Over the course of 2012, the U.S. economy rebounded with all the vitality of a slug waking from a long nap. In debt-strapped, recession-hit Europe, investors fret about a Spanish bailout, a Greek default and whether the euro itself will shatter.
It’s hard to know sometimes which is the greater threat to prosperity -- headlong technological progress that’s destroying decent jobs and hollowing out the middle class, or fading technological progress that’s causing persistently slow growth. With a little ingenuity, you could no doubt combine these ideas and worry that technological progress is both too fast and too slow.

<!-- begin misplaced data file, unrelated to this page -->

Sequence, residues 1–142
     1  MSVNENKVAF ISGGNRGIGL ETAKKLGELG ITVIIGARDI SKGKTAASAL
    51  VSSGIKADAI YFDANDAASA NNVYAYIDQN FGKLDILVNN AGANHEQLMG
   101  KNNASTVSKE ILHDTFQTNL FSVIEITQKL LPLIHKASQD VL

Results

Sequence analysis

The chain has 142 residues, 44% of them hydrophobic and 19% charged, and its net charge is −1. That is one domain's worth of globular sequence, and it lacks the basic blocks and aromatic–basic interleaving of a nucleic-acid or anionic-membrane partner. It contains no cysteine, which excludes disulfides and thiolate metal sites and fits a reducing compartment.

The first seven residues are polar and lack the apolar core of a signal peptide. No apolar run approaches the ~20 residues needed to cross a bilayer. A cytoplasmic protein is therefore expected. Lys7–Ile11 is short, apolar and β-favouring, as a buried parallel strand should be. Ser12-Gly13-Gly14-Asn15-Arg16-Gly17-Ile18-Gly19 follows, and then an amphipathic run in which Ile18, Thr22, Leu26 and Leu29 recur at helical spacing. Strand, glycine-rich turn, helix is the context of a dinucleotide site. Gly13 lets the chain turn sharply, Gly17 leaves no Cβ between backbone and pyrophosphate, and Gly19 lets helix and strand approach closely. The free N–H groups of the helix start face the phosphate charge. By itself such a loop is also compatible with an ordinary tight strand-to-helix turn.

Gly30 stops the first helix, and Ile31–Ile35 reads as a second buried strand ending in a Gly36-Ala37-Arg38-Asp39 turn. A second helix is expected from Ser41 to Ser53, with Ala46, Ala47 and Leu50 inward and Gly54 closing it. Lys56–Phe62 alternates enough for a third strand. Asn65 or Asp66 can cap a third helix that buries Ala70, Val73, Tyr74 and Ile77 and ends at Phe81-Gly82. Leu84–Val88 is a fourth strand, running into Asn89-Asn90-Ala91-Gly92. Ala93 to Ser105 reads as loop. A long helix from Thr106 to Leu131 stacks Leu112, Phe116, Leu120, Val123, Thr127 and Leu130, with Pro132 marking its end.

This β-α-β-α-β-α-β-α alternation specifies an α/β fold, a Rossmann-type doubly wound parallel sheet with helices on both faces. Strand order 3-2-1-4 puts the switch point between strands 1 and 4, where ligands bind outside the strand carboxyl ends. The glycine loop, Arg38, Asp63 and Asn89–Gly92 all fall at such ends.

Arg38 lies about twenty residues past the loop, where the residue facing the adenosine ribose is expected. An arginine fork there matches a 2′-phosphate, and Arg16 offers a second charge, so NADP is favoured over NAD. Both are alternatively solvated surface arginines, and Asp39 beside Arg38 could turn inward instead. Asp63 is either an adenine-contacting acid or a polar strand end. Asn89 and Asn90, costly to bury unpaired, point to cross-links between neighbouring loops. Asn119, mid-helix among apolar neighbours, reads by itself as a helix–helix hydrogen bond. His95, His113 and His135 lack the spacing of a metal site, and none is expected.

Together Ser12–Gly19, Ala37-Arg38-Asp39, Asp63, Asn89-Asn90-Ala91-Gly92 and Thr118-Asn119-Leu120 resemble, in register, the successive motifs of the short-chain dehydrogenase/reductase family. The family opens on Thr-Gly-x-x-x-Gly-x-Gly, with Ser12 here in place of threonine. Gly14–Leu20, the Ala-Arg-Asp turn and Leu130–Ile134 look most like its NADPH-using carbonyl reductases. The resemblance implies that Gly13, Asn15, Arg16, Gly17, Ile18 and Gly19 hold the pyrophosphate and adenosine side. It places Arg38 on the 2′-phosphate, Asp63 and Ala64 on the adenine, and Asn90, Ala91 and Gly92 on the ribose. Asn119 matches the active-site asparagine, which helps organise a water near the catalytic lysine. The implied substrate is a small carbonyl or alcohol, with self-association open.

New Jersey Democrats will try for a second time to prohibit fracking for natural gas in the most densely populated U.S. state, after Governor Chris Christie vetoed a ban in August and lodged a one-year moratorium.
As New Jersey Governor Chris Christie leads his opponent by as much as 34 percentage points in his bid for a second term, some Democrats say they’re worried that votes for the incumbent Republican will trickle down the ballot.
Detroit’s unions and retired workers face longer odds of ending the record-setting bankruptcy than the city does of winning continued court protection in a trial that started today, lawyers not involved in the case say.
The European Central Bank would do “a lot, lot more” in terms of easing monetary policy if it mimicked the aggressiveness of foreign counterparts, says David Mackie, chief European economist at JPMorgan Chase & Co.